A good simulation workflow can be to run a low, medium, and then finally a high resolution simulation and make adjustments as necessary along the way. If a final simulation is going to take a very long time to compute, it may be worth it to run a medium resolution simulation that takes a few hours before committing to the final simulation.


Fast moving fluid disappears from simulation

When fluid is moving quickly across the domain, the simulator may need to remove fluid particles from the domain in order to keep the simulation stable. If fluid is moving very quickly, such as from a high speed inflow, it is possible the the simulator may be required to remove all fluid particles in order to keep a stable simulation.

The fix for this issue is to allow the simulator to take more frame substeps in order to keep the simulation stable and to prevent loss of quick moving fluid. This can be done by increasing the Max Frame Substeps value in the Advanced Panel. Try setting this to a high value such as 50. The simulator will only take as many substeps as it needs to keep the simulator stable, so setting this to a higher value will not increase baking time more than is necessary.

Explanation:* In order to keep the fluid simulation stable, the simulator limits the maximum distance a fluid particle can travel in a single substep. A particle is limited to only travelling a certain number of grid cells (CFL Condition Number) in a substep. If a particle is moving quickly, the simulator will take additional substeps in a frame to make sure a particle does not exceed the grid cell distance limit. The Max Frame Substeps value limits the total number of substeps the simulator is allowed to take per frame. If particles are moving at a speed that cannot be resolved within the maximum number of substeps, the particles will be removed. Since this 'speed limit' is related to the number of grid cells, the speed will be related to the grid resolution and this issue will become more prevalent in higher resolution simulations. Note that if using a a small domain or world size will also make this issue more prevalent since in general, fluid will move faster across a small domain than a large domain.


Simulator does not continue baking after increasing frame range

To update the simulation settings, such as frame range, you will need to tell the addon to re-export the settings. This can be done by setting the Bake Export Mode to Force (Simulation Panel).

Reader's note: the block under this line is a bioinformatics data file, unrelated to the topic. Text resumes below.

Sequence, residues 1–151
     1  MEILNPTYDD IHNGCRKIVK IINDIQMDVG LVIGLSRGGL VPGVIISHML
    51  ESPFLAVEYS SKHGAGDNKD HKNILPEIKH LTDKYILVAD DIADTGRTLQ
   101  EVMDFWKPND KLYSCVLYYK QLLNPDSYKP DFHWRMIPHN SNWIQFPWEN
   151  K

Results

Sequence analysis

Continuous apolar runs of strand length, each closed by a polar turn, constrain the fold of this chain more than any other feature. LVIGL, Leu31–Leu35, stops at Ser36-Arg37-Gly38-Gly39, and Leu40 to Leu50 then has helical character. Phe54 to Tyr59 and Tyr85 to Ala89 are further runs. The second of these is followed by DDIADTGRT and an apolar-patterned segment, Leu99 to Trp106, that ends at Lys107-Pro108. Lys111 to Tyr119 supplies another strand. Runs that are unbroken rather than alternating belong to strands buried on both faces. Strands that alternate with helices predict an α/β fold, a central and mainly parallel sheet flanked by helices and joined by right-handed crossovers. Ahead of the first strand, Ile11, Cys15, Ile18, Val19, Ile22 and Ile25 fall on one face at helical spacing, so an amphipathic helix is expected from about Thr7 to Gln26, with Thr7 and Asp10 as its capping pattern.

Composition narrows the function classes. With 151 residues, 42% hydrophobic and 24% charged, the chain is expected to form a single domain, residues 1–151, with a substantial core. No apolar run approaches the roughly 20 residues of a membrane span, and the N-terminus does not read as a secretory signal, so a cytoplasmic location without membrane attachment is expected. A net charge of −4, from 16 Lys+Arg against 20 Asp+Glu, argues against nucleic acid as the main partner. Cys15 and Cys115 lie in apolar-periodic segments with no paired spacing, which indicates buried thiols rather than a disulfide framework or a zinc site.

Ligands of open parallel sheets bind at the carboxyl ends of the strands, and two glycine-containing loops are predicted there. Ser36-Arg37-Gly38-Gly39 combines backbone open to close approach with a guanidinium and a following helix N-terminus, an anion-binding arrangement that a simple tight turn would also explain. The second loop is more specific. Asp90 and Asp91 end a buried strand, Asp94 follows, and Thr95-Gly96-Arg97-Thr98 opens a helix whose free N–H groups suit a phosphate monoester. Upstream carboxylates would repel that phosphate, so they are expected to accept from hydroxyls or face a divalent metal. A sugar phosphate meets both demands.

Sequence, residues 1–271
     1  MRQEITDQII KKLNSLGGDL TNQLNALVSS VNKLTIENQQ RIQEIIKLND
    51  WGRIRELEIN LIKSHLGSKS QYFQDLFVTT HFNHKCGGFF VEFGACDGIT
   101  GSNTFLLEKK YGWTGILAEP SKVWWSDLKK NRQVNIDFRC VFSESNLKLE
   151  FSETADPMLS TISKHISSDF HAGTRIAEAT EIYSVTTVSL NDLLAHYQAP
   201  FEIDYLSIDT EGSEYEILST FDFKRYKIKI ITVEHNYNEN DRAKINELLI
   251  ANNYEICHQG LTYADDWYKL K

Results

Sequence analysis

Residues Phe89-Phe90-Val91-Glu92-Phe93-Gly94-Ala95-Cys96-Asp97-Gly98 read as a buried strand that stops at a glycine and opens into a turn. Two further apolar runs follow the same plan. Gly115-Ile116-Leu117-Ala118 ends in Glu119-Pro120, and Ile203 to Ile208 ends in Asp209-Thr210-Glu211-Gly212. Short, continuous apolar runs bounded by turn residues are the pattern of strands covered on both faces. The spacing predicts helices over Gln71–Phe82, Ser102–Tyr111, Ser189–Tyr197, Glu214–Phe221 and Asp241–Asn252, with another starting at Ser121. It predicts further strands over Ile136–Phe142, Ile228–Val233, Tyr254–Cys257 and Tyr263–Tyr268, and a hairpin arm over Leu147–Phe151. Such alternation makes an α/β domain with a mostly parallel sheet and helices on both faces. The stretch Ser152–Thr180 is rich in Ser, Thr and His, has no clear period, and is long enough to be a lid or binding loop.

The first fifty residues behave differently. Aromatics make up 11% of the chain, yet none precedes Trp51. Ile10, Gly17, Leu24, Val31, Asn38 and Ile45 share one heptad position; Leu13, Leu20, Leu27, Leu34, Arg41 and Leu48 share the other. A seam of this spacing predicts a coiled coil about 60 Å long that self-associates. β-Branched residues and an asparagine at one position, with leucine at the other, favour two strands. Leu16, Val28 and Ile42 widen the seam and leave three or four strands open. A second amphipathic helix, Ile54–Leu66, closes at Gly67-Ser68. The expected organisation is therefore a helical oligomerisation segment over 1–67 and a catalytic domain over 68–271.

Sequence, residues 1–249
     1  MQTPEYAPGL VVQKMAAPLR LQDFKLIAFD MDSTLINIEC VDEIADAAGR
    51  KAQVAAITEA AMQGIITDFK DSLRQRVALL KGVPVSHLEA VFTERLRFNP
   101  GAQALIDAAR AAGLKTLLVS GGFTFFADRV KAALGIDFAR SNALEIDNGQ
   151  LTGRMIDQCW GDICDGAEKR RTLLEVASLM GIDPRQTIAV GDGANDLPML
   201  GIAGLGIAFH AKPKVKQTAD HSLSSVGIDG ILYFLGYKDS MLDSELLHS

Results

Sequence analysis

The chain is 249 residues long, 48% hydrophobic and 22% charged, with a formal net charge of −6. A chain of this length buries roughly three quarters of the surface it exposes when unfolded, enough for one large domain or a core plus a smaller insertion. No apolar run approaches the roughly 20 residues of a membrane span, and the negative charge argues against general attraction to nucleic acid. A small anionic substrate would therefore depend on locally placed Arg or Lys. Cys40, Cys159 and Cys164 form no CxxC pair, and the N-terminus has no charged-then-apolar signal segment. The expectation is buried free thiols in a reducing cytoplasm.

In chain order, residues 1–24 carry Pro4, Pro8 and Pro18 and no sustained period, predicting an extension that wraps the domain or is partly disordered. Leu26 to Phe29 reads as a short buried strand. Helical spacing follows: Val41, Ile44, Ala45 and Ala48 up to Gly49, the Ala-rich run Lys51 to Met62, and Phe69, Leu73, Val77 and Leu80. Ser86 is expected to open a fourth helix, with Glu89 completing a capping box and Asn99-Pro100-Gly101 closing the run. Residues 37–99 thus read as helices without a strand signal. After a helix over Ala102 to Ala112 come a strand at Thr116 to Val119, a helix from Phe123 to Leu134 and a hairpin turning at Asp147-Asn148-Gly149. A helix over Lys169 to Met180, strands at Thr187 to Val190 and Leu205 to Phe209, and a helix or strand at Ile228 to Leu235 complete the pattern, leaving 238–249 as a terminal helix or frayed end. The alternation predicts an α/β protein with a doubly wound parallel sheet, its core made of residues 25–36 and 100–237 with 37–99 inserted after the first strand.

Difficulty achieving small scale fluid effects with small World Size

The FLIP simulation method excels at large scale fluid effects, but can lack in realism for small-scale fluid effects. This is due to the lack of surface tension forces in the simulation method, which play a larger role in small scale fluid effects. Note: a surface tension feature has now been added and is included in version 1.0.5 or later (and in experimental builds). See surface tension examples.

There can be issues with running a simulation with a small domain or small World Size setting (less than 1m). It is common in fluid simulation not to use real world scales for small scale effects. This is due to how math is processed in the computer. With computations, there is a limited amount of precision in the math and small scales can lead to very small numbers which require too much precision and cause problems in the fluid physics solver. In fluid simulation, you will often need to work around the limitations of the solver and use scales/values that do not make sense physically. For a small scale effect, it is recommended to use a large domain size and alter the timing or gravity value to achieve the animation speed and look that you want to achieve.


Blender often crashes suddenly or does not apply transforms while rendering

This can be caused by instability handling large meshes in the 3D viewport. At the moment the cause is unknown, but a workaround that commonly fixes the issue is to set the Render Display to Full Screen (Blender Render Properties Documentation).

Note: This workaround will only work if your are running a scene within a single window. If you are running a Blender scene on multiple windows/monitors, any extra windows should be closed before beginning a render. You will still be able to run multiple instances of Blender while rendering.

The most stable way to render large simulations is to render from the command line. See this document for instructions: Rendering from the Command Line.


Export to Alembic cache is not exporting animated meshes

Alembic export is not officially supported in the FLIP Fluids addon. The reason for this is that the Blender Alembic exporter can be buggy and unstable with the large meshes produced by the fluid simulator. The Alembic exporter also does not offer much in terms of customizability, so how the cache is imported into other software may be unpredictable.

However, there is a workaround that may help you export the fluid meshes to an Alembic cache. In order for Blender to recognize the fluid object meshes for export (fluid_surface, whitewater_foam, whitewater_bubble, whitewater_spray), a modifier must be added to the objects. A modifier which does nothing such as a smooth operator with 0 repeats would be a good choice. The animated meshes can then be exported within Blender (Blender > File > Export > Alembic (.abc)).